Homelessness is a Policy Choice and We Can Choose Differently

Photograph by Nathaniel St. Clair

Much of my adult life has been spent homeless or incarcerated. Now I help homeless people and returning citizens.

I’ve lived on the streets, been in Hollywood films, owned my own footwear service, rubbed elbows with a Saudi Prince, and even sung for Donald Trump at Mar-a-Lago — while in and out of homelessness. I’ve also been to federal prison and battled substance abuse.

In some ways, I’ve lived an unusual life. But with 140 million Americans poor or low-income, there’s nothing unusual about growing up in a broken home, enduring homelessness, or ending up in the criminal justice system.

We all make our own choices. But I’ve learned that our social and political systems often make choices for us, too. And those are the choices we can change together.

My dad left when I was two, and my stepfather was abusive. My mom tried her best to shelter me. But in reality, our “broken home” was a reflection of the politically and economically neglected community we lived in.

As a teen, I was never sure what I would find at home. So I joined band, theater, track, football, martial arts — anything I could do to avoid dangers and make myself strong.

I was supposed to go to the University of Miami for football, but I also suffered from what we now call ADHD. In those days kids like me were just called hyperactive, drugged, and punished. So my grades fell and I went to Miami Dade College instead.

Eventually, I fell in with the wrong crowd, lured by the money that came with a life of drug dealing in Miami. When I got caught, I realized how much I’d betrayed the values my mother raised me with.

I used my time in federal prison to become more educated and started counseling my former inmates, who called me “Preacher.” The guards broke the rules and allowed a dozen inmates at a time into my cell to be led in prayer and teachings.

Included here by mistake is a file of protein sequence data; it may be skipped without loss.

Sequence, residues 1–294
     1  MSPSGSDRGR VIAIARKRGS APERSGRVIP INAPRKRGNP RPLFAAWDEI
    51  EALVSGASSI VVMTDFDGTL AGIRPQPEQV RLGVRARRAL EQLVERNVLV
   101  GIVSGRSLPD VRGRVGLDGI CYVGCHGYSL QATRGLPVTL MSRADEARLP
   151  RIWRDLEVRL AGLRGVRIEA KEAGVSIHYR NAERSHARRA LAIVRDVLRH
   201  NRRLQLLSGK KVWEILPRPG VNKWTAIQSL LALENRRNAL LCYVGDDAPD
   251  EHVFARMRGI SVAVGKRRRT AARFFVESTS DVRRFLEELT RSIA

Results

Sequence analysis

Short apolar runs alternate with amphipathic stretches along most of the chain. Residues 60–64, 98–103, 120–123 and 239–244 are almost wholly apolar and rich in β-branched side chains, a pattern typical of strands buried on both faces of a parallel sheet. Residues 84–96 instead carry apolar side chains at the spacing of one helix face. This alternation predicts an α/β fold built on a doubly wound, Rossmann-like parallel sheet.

Armed with my faith in God and my values — and the concrete help of the critical housing voucher program — I was able to move from a shelter to a home of my own after I was released.

I now work with the National Coalition for the Homeless, helping other homeless people and citizens returning from incarceration. I’m even a “lived experience expert” with the U.S. Department of Housing and Urban Development, helping streamline programs to help people find stable housing.

Many people I work with have stories like mine — or yours.

Some have lost jobs — or had jobs that didn’t pay enough. Some had a baby and couldn’t afford child care. Some suffered domestic abuse. Many had health problems, injuries, or debt.

These things can happen to anyone. So when you see us on the street, look at us like fellow human beings. If you can spare them, gift cards for food, medicine, or supplies can make a huge difference for homeless people individually.

But collectively, we can also make different political choices that will help everyone keep a roof over our heads.

Nowhere in America are rents affordable on the minimum wage, so we should raise it to a living wage and invest in affordable housing, rental assistance, housing vouchers, and stronger unemployment insurance. Better access to affordable child care, mental health care, and health insurance would also keep more people in their homes.

President Biden’s Build Back Better plan would have provided all of this, but conservatives in Congress shelved it. But with enough pressure, we may be able to get housing needs back into a reconciliation bill Congress is now considering.

If we recognize our common humanity and fight for the rights of everyone, we can create a fairer society for all of us.

Don Gardner is an advocate with the National Coalition for the Homeless and a member of the Poor People’s Campaign in Washington, D.C.